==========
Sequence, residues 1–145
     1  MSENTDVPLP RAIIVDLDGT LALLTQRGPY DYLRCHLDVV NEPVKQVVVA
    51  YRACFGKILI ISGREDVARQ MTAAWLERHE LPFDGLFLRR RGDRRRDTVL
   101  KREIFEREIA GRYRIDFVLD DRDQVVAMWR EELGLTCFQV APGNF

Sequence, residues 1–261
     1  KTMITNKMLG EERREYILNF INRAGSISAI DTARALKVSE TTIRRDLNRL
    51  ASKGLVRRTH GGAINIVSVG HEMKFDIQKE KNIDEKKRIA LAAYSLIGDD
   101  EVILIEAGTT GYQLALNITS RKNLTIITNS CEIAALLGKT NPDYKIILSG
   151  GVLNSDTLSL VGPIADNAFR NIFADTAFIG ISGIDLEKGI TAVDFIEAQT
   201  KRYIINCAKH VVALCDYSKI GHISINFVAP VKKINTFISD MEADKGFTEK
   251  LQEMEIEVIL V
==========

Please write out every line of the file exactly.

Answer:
Sequence, residues 1–145
     1  MSENTDVPLP RAIIVDLDGT LALLTQRGPY DYLRCHLDVV NEPVKQVVVA
    51  YRACFGKILI ISGREDVARQ MTAAWLERHE LPFDGLFLRR RGDRRRDTVL
   101  KREIFEREIA GRYRIDFVLD DRDQVVAMWR EELGLTCFQV APGNF

Sequence, residues 1–261
     1  KTMITNKMLG EERREYILNF INRAGSISAI DTARALKVSE TTIRRDLNRL
    51  ASKGLVRRTH GGAINIVSVG HEMKFDIQKE KNIDEKKRIA LAAYSLIGDD
   101  EVILIEAGTT GYQLALNITS RKNLTIITNS CEIAALLGKT NPDYKIILSG
   151  GVLNSDTLSL VGPIADNAFR NIFADTAFIG ISGIDLEKGI TAVDFIEAQT
   201  KRYIINCAKH VVALCDYSKI GHISINFVAP VKKINTFISD MEADKGFTEK
   251  LQEMEIEVIL V